Some 480 trees have been uprooted so far this year as the government mulls over a set of new protection laws that lobbyists insist could not come soon enough.
Conservationists have called for an investigation into the removal of trees from various localities in recent weeks, saying the laws protecting trees urgently needed to be bolstered.
The Times of Malta has received numerous complaints about trees that have been removed from towns and villages this year, including an old Holm oak tree just outside Valletta’s Upper Barrakka, an iconic carob tree in Villa Forte Garden, Lija, and some 14 mulberry trees in Victoria.
The Environment Ministry on Monday said that of the nearly 500 uprooted trees, around 300 had been transplanted in other areas.
Experts, however, have repeatedly raised concerns about the relocation of trees, warning transplants were often unsuccessful.
Asked about the removal of trees, the ministry said that although several had been removed, developers had been requested to introduce more than 2,000 trees as “compensatory planting”.
Last week the Times of Malta reported how the 2001 Trees and Woodlands (Protection) Regulations had been changed back in 2011 to make way for construction and roadworks.
The original law had included a list of about 54 species that could not be removed, but according to one of the drafters of the original regulations, the government had come under pressure from the construction and road works lobby to relax the restrictions.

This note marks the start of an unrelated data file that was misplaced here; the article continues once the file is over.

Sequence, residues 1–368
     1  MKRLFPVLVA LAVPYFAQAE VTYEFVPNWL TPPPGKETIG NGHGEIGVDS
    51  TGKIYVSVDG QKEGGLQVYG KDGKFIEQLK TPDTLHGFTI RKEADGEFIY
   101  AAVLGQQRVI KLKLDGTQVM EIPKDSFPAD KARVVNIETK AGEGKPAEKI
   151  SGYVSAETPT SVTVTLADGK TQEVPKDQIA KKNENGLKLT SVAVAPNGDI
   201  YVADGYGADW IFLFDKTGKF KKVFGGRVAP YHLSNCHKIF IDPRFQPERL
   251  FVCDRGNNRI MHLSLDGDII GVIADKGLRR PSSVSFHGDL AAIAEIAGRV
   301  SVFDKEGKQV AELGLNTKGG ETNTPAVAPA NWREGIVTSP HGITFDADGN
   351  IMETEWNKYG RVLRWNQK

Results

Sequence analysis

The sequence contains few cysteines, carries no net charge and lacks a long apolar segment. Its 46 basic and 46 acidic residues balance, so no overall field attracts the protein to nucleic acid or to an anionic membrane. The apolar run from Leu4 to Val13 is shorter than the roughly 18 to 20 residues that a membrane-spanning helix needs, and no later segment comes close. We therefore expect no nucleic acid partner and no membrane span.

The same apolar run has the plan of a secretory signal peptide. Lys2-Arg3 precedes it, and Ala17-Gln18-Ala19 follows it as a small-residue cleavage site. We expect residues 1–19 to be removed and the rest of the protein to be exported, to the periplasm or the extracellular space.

The list of protected trees was chopped in half and some clauses were reworded.
A section of the original law, protecting “all trees older than 50 years” irrespective of whether they were on the protected list or not, was removed entirely.
The government had announced plans in February to review the laws protecting trees. However, although a public consultation period closed in March, environmentalists have pointed out there was still no word on when the reformed law would be enacted.
An Environment Ministry spokesman on Monday told the Times of Malta that in principle the new amendments strived to increase penalties on illegalities and increase the number of protected trees species.
The spokesman said the Environment and Resources Authority would be passing a final version of the amendments to Cabinet shortly.
“The amendments will effectively lead to an unprecedented increase in protected species covered by the current legislation and its earlier 2001 version,” the spokesman said.
The new amendments being proposed will see all trees over 50 years protected once again.
Asked about the dwindling number of trees on the island, the spokesman said the government expected to plant some 12,000 trees by end of the year.
The spokesman also pointed out that ERA had recently doubled the amount of Tree Protection Areas (TPAs) to 60 sites spread over the island, and work was at an advanced stage on the identification of additional Tree Protection Areas.